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Hospital de Órbigo, Spain

Jauregui I.,Hospital Universitario Basurto | Ferrer M.,Servicio de Alergia | Bartra J.,Unitat dAllergia | Del Cuvillo A.,Clinica Dr Lobaton | And 5 more authors.
Expert Opinion on Pharmacotherapy | Year: 2013

Introduction: Urticaria is a highly prevalent disease among people. First-choice treatment continues to be centred on the second-generation H1 antihistamines, including a wide group of drugs with a better therapeutic index (or risk:benefit ratio) than the classic ones, even in the high, off-label dosage occasionally required in chronic urticaria. Bilastine is a newly registered H1-antihistamine for treatment of allergic rhinoconjunctivitis and urticaria. With established antihistaminic and antiallergic properties, it is widely reviewed in the medical literature; however, to our knowledge, a specific review of bilastine's role in the treatment of urticaria was lacking. Areas covered: This article reviews the medical literature on the effectiveness and safety of bilastine in urticarial syndromes, either spontaneous or inducible, by means of a Medline search from 1990 to present, completed with some nonpublished data provided by the manufacturer. Expert opinion: Once-daily treatment with bilastine 20 mg is effective in managing symptoms and improving patient's quality of life in chronic urticaria, with at least comparable efficacy to levocetirizine. As far as studies in healthy volunteers, clinical assays, and recent clinical experience can establish, bilastine's safety profile is adequate, appearing to be entirely free from cardiovascular effects, and not impairing psychomotor performance or actual driving, even at twice the therapeutic dose. © 2013 Informa UK, Ltd. Source

Jauregui I.,Servicio de Alergologia | Davila I.,Servicio de Inmuno Alergia | Sastre J.,Servicio de Alergia | Sastre J.,Research Center Biomedica en Red en Enfermedades Respiratorias | And 9 more authors.
Pediatric Allergy and Immunology | Year: 2011

Allergic rhinitis (AR) is the commonest chronic disease in children. Allergic Rhinitis and its Impact on Asthma (ARIA) classification based on symptom duration (intermittent vs. persistent) and severity (mild vs. moderate/severe) has not been yet validated in children. Thus our objective was to validate ARIA classification in children, after determining the severity and duration of AR in a pediatric population, using ARIA definitions. Children aged 6-12 with a diagnosis of AR were included in an observational, cross-sectional, multicenter study. Patients were classified according to ARIA guidelines. AR symptoms were assessed using the Total Four Symptoms Score (T4SS). Severity was also evaluated by the patient using a visual analogue scale (VAS). Comparisons were made by means of a statistical analysis. One thousand two hundred and seventy-five children from 271 centers were included. Among them, 59.5% had intermittent and 40.5% persistent AR, while 60.7% seasonal and 39.3% perennial according to dated classification, with significant differences existing between one classification and another; 89.7% had moderate/severe rhinitis. Significantly higher T4SS and VAS scores were obtained in moderate/severe compared to mild AR. In our experience, the current ARIA classification can be considered a valid tool also in children from 6- to 12-yr old. © 2011 John Wiley & Sons A/S. Source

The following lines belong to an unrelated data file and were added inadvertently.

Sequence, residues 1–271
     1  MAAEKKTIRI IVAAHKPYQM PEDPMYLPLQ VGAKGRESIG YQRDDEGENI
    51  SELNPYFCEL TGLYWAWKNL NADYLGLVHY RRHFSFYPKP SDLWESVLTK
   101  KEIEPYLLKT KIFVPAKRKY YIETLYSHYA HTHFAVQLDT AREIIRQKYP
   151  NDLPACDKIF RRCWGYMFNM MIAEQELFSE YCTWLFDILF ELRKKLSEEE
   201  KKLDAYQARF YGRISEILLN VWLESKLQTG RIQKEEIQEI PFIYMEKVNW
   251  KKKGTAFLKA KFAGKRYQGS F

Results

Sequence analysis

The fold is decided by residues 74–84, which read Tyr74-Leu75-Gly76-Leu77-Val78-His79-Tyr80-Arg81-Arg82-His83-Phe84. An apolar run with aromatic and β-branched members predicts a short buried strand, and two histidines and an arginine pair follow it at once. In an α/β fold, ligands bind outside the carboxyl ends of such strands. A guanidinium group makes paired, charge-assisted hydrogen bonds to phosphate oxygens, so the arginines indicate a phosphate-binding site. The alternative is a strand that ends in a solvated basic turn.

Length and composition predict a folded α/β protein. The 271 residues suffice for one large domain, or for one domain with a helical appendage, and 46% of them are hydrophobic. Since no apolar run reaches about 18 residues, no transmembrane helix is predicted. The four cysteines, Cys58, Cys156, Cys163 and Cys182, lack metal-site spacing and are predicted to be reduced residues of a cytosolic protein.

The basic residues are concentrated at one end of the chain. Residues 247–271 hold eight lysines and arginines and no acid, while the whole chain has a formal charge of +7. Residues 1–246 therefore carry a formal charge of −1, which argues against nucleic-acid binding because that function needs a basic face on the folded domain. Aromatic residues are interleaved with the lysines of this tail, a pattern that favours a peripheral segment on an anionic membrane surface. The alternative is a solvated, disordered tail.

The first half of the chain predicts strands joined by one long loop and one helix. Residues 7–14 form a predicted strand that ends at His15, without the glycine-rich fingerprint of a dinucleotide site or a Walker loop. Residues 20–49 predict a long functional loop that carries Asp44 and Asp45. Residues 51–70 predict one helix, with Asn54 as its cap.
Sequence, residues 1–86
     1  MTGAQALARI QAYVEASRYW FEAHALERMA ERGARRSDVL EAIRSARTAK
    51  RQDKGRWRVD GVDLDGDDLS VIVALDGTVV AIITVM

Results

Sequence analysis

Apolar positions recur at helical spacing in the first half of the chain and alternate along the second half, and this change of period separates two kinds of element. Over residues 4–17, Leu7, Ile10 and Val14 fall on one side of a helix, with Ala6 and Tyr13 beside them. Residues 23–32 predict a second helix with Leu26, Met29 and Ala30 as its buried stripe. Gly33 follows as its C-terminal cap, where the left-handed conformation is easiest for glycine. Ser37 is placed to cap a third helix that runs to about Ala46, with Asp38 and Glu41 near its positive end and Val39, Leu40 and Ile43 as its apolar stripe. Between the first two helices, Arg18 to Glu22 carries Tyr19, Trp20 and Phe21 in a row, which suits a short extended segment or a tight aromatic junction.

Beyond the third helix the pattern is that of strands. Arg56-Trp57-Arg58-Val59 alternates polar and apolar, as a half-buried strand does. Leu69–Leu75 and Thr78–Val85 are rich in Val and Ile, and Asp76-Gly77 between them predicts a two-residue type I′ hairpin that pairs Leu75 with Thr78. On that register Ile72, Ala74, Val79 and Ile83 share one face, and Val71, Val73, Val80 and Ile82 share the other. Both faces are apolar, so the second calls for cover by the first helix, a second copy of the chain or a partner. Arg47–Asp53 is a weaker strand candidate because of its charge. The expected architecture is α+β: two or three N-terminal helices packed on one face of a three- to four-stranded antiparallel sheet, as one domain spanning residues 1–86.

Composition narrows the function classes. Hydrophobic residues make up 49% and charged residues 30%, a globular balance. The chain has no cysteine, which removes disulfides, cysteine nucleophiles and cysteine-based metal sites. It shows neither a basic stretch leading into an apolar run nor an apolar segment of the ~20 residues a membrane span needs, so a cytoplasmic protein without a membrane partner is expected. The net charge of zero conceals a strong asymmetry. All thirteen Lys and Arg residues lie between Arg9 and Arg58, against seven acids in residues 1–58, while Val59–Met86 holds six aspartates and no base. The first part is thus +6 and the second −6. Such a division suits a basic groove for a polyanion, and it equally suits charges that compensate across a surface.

Valero A.,Unitat dAllergia | Valero A.,Institute dinvestigacions Biomediques August Pi i Sunyer IDIBAPS | Valero A.,Research Center Biomedica en Red en Enfermedades Respiratorias | Munoz-Cano R.,Unitat dAllergia | And 11 more authors.
Rhinology | Year: 2012

Introduction: Allergic rhinitis (AR) is a common disease with major socieconomic burden and a significant impact on quality of life. Objective: The objective of the study was to assess the impact of AR severity, using the modified ARIA (m-ARIA) severity criterion in order to discriminate among moderate and severe AR, in symptoms and quality of life assessed with the questionnaire ESPRINT-15. Methods: The specific quality of life questionnaire (ESPRINT-15) was applied in over thousand untreated AR patients. Severity was evaluated by the m-ARIA classification, which categorizes AR as mild, moderate, and severe. Nasal symptoms were evaluated by using categorized (none, low, middle, and high) Total Four Symptom Score (T4SS). Results: Using the m-ARIA severity classification, significant differences in quality of life, both global score and specific domains, and categorized T4SS were found among the AR severity groups. Conclusion: Modified ARIA severity classification in mild, moderate, and severe allergic rhinitis clearly discriminates the impact of AR in all domains of quality of life and categorized symptom's score. Source